Patients reporting with a history of pulmonary tuberculosis, cardiac diseases, interstitial lung disease, pregnancy, diabetes, and cancer were excluded from the study. Patients with any other systemic disease other than COPD and having Vitamin B12 or folic acid deficiency were also excluded from the study. A detailed clinical history of respiratory symptoms was also obtained. Chest X-ray, spirometry, and routine blood investigations were done in all patients. Dyspnea was measured by the modified Medical Research Council (mMRC) Dyspnea scale in both the groups for assessing health status of a patient and grading the degree of a patient's breathlessness and disability caused.
GraphPad PRISM version 6.01 (GraphPad software Inc.; La, Jolla, CA, USA). was used for the analysis of data. All demographic and clinical data were expressed as a mean ± standard deviation or percentage. The Chi-square test was used for categorical data and groups were compared by unpaired t-test or one-way analysis of variance. P < 0.05 was considered statistically significant.
| Results|| |
In this study, 150 COPD patients representing all stages of disease severity as defined by GOLD were recruited. The baseline characteristics of the study groups are shown in [Table 1]. As per the WHO criteria for patients to be anemic in our study, we found 47 patients in anemic group while 103 patients in nonanemic group. The prevalence of anemia in COPD patients in the present study was 31.6%. Majority of patients were male in both the groups and proportions of males were slightly higher in nonanemic group as compared to the anemic group. The mean hemoglobin levels in anemic group were 11.04 ± 1.1 g/dl, whereas in nonanemic group, it was 13.9 ± 0.8 g/dl. Difference in body mass index (BMI) of anemic and nonanemic group was not found to be significant although mean BMI of anemic patients was lower than nonanemic. The age of the patients ranged from 35 to 75 years. Mean age of anemic COPD patients was slightly higher than nonanemic COPD patients.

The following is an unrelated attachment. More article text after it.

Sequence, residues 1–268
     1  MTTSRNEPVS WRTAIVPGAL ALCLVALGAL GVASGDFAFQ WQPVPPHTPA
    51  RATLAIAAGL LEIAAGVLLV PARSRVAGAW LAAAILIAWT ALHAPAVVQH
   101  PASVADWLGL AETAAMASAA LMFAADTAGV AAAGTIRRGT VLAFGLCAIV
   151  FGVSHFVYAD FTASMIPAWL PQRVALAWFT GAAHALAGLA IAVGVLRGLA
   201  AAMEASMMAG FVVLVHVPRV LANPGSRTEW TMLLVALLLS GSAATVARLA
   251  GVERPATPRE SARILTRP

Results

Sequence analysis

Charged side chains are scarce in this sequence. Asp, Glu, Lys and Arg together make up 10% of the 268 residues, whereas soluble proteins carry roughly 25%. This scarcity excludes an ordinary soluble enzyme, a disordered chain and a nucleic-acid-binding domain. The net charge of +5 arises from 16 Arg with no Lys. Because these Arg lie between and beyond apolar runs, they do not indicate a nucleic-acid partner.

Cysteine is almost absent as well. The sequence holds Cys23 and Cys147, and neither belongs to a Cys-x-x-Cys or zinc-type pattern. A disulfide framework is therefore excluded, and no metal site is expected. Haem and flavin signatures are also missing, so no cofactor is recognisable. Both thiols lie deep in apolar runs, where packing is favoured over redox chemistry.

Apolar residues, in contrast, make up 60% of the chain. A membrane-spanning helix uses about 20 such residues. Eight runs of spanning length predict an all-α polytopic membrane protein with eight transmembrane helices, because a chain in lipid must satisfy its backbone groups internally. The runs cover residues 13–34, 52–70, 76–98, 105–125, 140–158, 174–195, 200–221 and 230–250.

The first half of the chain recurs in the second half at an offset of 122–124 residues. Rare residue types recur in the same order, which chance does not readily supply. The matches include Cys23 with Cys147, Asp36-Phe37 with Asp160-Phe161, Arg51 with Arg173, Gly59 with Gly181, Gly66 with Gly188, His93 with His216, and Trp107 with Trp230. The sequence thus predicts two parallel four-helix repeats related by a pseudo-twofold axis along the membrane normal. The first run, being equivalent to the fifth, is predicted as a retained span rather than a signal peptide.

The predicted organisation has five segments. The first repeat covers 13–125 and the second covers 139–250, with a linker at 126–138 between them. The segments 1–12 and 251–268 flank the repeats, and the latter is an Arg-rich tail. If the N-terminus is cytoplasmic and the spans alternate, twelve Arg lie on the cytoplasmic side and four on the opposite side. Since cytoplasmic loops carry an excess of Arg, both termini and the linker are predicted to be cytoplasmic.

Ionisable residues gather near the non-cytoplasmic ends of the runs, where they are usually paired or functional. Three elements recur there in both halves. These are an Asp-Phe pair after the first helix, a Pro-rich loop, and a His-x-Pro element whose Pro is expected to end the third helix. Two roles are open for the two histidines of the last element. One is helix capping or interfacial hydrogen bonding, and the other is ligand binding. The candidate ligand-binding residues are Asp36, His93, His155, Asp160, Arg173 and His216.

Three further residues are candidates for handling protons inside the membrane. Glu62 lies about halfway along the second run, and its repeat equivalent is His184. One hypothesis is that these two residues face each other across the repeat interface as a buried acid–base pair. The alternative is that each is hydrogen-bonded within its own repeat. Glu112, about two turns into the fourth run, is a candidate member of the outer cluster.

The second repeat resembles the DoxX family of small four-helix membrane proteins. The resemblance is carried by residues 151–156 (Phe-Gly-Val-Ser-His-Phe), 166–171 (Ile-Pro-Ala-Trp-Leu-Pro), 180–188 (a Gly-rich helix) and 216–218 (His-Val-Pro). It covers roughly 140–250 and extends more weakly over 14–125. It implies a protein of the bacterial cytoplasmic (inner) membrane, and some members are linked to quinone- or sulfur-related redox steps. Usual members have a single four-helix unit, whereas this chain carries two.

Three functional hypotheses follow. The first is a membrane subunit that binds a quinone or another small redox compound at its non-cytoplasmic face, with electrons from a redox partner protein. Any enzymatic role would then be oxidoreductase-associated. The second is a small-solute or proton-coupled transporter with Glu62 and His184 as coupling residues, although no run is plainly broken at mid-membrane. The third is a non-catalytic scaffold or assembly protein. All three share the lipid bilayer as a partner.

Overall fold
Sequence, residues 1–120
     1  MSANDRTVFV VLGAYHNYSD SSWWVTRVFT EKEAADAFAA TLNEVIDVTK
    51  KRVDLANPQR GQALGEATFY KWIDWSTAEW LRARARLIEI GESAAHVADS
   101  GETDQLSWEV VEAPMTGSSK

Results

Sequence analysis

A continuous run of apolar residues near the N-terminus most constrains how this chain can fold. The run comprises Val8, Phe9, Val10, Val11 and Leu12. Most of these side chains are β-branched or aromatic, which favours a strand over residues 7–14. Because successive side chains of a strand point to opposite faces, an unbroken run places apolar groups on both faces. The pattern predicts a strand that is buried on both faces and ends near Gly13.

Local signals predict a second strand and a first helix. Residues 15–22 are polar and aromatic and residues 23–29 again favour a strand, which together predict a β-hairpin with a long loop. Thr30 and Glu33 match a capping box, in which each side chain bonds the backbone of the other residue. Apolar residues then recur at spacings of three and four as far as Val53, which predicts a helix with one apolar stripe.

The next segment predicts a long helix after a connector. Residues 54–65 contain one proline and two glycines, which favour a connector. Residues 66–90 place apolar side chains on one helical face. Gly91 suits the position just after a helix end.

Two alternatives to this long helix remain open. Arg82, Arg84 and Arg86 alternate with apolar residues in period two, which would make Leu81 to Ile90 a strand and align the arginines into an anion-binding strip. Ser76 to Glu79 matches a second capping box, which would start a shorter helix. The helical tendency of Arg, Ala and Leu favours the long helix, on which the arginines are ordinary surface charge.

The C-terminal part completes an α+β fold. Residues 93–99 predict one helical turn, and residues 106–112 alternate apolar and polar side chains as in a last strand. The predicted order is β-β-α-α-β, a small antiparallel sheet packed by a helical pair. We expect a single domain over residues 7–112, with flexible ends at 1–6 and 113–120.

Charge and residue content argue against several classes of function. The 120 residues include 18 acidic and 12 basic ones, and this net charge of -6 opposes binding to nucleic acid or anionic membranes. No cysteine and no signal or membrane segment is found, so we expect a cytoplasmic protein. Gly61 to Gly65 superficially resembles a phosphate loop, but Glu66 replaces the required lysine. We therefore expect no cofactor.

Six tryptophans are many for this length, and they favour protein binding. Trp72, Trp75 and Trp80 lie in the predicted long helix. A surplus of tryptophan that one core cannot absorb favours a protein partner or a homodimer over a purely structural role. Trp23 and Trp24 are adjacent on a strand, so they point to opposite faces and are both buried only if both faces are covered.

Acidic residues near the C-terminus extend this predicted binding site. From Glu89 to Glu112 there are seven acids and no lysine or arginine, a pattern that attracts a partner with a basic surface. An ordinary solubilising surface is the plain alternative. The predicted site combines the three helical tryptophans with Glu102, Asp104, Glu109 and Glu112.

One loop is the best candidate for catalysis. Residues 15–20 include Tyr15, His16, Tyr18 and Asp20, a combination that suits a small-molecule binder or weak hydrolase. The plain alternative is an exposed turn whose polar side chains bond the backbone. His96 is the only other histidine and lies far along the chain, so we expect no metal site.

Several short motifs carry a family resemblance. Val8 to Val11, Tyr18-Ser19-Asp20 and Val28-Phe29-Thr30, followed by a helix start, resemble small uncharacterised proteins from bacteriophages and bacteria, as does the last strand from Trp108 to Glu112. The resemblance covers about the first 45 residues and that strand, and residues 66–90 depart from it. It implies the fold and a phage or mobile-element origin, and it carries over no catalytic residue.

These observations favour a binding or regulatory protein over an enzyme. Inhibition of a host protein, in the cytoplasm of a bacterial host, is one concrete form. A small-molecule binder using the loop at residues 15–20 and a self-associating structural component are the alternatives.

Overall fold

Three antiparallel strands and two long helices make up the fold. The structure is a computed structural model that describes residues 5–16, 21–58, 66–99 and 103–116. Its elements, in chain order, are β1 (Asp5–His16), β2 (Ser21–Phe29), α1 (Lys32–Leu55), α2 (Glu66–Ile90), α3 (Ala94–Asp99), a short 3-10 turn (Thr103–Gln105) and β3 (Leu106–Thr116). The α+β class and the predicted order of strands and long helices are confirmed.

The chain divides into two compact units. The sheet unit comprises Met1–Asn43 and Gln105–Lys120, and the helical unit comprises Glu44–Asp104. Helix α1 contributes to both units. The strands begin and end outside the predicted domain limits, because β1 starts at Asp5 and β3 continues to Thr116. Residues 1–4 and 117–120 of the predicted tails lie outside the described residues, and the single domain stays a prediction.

|Table 1: Demographic profile and spirometry variables of anemic and nonanemic chronic obstructive pulmonary disease patients|